Another passage in Moses's (pp) teaching makes explicit that people must not impose interest on any form of loan, in money or in kind:

You shall not charge interest on loans to another Israelite, interest on money, interest on provisions, interest on anything that is lent. On loans to a foreigner you may charge interest, but on loans to another Israelite you may not charge interest” (Deuteronomy 23:19-20 [23:20-21 in Hebrew Bibles]).

Professor Goldingay states — in contrast to what Rabbi Kanefsky stated (as summarized earlier in this chapter) — that the preceding passage explicitly states that Israelites are permitted to impose interest in lending to a foreigner, someone who is not a member of “the people.” This is an example of a number of obligations that did not apply to foreigners.

Beyond Moses's (pp) teaching, Proverbs 28:8 promises that someone who makes a profit by lending with interest “gathers it for another who is kind to the poor” (i.e., they will not see the profit themselves). It is a personal experience of something that the prophet Habakkuk (pp) envisages for the leading world power of his day. Psalm 15 asks the question,

LORD, who may abide in your tent? — [i.e., stay in your presence]

The answer includes the general requirement of a life of integrity and truthfulness, and also some concrete expectations, such as avoiding slander, keeping oaths, refusing bribes — and not lending money with interest. The prophet Ezekiel (pp) speaks in similar terms, listing obligations that people should fulfill if they wish God to treat them as righteous, such as not worshipping by means of images, not defiling their neighbors' wives, not robbing people — and not lending with interest (Ezekiel 18:8, 13, 17). Ezekiel implies that people were not fulfilling these obligations and later makes explicit that the well-to-do in Jerusalem have committed many of the wrongs he lists, including this one having to do with lending with interest (22:12).

Professor Goldingay goes further to say that Christians tend to understand Moses's (pp) teaching as “law,” but the word Torah has broader meaning. While Moses's (pp) teaching based on the Torah includes regulations that look designed for quasi-legal literal implementation, other material in the writings look more like illustrations of a particular lifestyle. Professor Goldingay argues that one would miss the point if he took it legally — we might fulfill the law's letter, but not its inner demand (the spirit of the law). Similar issues are raised by Jesus's (pp) Sermon on the Mount.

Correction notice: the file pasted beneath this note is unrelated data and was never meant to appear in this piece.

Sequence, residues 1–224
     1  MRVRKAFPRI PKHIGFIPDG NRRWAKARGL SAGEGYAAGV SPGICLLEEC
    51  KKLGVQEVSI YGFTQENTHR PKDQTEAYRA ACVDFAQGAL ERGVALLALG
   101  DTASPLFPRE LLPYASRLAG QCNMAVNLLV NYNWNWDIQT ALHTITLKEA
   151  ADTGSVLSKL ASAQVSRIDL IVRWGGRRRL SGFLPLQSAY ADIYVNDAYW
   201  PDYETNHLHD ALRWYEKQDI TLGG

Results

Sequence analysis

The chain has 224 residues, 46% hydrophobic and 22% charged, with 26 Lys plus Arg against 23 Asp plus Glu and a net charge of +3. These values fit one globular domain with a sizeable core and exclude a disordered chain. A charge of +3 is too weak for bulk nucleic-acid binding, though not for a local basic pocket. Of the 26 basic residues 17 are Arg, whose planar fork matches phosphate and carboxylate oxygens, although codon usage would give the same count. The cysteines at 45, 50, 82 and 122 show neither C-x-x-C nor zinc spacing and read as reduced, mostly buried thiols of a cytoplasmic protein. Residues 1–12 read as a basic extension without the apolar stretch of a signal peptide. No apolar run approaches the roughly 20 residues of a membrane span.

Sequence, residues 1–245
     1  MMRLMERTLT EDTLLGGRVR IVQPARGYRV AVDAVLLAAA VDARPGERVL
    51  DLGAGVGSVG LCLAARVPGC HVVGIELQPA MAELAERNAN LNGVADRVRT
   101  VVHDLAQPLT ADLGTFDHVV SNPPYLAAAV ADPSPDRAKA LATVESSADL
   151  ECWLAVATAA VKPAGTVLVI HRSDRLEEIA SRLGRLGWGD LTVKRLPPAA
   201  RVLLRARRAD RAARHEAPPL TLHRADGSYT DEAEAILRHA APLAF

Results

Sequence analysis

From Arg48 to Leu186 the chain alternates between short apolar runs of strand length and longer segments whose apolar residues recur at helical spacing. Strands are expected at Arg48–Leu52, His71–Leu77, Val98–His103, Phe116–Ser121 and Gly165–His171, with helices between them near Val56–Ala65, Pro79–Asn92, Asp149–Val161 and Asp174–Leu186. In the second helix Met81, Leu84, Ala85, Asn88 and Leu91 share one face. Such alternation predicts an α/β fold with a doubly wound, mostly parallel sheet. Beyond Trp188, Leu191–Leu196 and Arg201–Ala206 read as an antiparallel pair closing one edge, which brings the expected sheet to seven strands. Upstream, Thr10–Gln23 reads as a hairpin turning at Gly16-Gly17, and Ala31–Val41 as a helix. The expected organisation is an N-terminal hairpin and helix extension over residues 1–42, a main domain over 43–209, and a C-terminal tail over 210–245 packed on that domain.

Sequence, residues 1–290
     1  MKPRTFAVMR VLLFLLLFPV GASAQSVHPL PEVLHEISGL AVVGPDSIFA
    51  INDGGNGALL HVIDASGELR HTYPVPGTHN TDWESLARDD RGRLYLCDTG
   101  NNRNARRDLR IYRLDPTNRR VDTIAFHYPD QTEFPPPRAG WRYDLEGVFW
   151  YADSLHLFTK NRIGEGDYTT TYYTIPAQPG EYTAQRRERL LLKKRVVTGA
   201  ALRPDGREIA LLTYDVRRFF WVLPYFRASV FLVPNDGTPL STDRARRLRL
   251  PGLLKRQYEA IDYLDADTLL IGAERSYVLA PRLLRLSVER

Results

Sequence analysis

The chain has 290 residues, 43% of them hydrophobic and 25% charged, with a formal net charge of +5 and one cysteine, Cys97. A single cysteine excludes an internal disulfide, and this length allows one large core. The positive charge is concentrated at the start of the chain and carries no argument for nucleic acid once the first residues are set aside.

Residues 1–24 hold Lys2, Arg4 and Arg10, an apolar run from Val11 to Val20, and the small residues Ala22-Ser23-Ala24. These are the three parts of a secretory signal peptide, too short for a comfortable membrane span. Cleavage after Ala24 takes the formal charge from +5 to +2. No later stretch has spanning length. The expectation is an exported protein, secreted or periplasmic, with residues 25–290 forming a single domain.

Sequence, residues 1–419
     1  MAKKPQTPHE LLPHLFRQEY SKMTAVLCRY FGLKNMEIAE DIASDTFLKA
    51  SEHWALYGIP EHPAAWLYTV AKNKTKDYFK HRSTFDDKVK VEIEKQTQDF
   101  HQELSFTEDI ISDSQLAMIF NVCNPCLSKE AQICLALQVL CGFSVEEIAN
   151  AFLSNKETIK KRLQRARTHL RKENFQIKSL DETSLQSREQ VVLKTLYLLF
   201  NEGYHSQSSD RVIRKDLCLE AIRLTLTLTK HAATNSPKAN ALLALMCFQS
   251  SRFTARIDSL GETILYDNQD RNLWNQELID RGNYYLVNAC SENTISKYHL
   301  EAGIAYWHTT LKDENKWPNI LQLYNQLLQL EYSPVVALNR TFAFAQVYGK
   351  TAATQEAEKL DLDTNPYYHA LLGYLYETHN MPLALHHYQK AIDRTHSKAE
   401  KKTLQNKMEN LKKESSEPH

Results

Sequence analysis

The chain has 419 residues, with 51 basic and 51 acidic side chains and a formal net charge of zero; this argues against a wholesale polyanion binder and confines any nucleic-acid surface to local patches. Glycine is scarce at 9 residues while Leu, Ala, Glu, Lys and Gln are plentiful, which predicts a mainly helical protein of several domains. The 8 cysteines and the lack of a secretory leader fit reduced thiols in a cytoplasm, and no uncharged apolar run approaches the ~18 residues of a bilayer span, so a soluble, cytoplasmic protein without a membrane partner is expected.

Exodus 22 begins “If you lend . ..,” but it presupposes that you will do so. To refuse to lend would contravene other exhortations regarding concern for the needy. The point is explicit in Deuteronomy 15, which urges people to lend generously to poor members of their “family.” Righteous people do well in life and are therefore in a position to give and to lend and thus to be a blessing (Psalm 37:25-26). The Bible promises that things go well for the person who deals generously and lends (Psalm 112:5).

The New Testament confirms the stance of the Old Testament without adding to it. Professor Goldingay opines that the New Testament refers to lending with interest only in the context of a parable, about a man entrusting his assets to his servants (Matthew 25:27; Tuke 19:23).

  • [1] Professor John Goldingay, Fuller Seminary, Pasadena, CA .
  • [2] Published by permission of Professor John Goldingay, Fuller Seminary.
  • [3] Based on the Islamic (Judeo-Christian-lslamic) law, it is preferred that the indebted work for a defined wage, then use the wage to pay the debt. This way, the indebted person would be treated fairly and equitably by marking the wage to the market prevailing rates charged in similar situations.